I spoke to the principal of the school after that PTO fiasco and learned that she had been dealing with this Mom for years with multiple issues around food. There had been demands that her son needed protein in the form of a Snickers bar in the classroom for a snack. Thankfully, the principal had stated that a different form of protein would be necessary. There had been threats by the Mom to bring in peanut butter cookies to a party because that’s what she wanted to bring. The principal told me that she said, “then the cookies will be immediately removed from the classroom and sent home.” I am so grateful that the principal had such a backbone, and that she stood up for Morgan’s safety.
My husband, Bob, got to experience an upsetting situation after we received a phone call from the principal one day when Morgan was in 5th grade. We learned that another Cub Scout from our Den decided to sit in the peanut-free zone at school eating a Butterfinger bar. When Morgan couldn’t get the child to move, he went to the principal to help him. The boy was promptly removed from the table and his father was called. The principal also called us immediately to let us know what transpired at school and that the boy had been suspended from school for a day. Since my husband knew this father very well through Cub Scouts, he called him to discuss the situation. The father was irate that Bob would call, and then this Dad decided to come over to our house to yell some more and state that his son would never do what he was accused of. Thankfully, Bob is a patient man and just let this Dad vent before saying that he didn’t appreciate what his son had done and Bob realized this Dad was in complete denial that his son had done anything wrong! Thankfully this never occurred again.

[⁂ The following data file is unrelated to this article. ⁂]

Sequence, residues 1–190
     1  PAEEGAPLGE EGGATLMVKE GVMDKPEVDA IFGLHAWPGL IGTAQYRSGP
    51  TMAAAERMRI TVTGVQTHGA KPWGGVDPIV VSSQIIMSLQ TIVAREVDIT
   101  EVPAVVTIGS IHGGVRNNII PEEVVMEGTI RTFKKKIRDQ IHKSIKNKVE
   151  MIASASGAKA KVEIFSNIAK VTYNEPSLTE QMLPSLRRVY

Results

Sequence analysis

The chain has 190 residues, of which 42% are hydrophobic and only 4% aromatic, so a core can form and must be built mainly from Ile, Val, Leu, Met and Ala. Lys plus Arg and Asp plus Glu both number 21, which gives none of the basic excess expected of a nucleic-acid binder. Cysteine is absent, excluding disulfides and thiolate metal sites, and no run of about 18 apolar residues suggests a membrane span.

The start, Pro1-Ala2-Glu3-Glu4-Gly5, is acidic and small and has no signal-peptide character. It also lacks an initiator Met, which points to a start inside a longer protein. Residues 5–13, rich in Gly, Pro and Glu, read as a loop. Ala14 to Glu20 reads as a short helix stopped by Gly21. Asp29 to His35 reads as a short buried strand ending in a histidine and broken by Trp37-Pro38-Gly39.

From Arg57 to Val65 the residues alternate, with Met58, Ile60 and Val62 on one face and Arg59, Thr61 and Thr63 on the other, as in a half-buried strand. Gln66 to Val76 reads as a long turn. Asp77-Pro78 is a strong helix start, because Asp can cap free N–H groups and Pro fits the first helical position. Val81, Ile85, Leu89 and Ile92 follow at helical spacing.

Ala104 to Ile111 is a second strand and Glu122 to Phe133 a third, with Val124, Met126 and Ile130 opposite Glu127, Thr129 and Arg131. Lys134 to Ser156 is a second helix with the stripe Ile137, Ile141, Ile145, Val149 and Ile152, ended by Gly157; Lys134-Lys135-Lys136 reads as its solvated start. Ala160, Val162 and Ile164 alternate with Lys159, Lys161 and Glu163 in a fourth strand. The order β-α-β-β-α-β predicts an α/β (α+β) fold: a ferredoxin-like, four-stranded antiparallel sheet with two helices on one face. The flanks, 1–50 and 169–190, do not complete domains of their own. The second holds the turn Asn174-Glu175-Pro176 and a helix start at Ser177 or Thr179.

During all these issues, I continued to work with my school and school district to further education and awareness of food allergies. Once Morgan was in 4th grade, the school district added food allergy awareness training to its accreditation model; in 5th grade, Colorado passed a law allowing him to self-carry his EpiPen and the school district started a Food Allergy Task Force to create guidelines to keep children with severe food allergies safe in school. I focused all of my energies on these activities, and kept the school staff focused on my son’s safety. These parents got to throw tantrums and nasty words around, but fewer and fewer people listened to them. Their bark (and their bite!) didn’t arouse any sympathy as more and more children with food allergies came into classrooms.
We have lived in our home for almost 19 years and Morgan has gone to kindergarten on to high school with the same group of kids. We refused to move away or pull him out of school. Instead, we worked within the system which certainly wasn’t easy every day! He’s friends with all the kids whose parents gave us such a hard time, and at least one of the boys is in several classes with Morgan this year. No longer do the parents say anything to me about allergen-free classrooms or allergen-free zones. As my husband says, “Time heals all wounds, and wounds all heels!”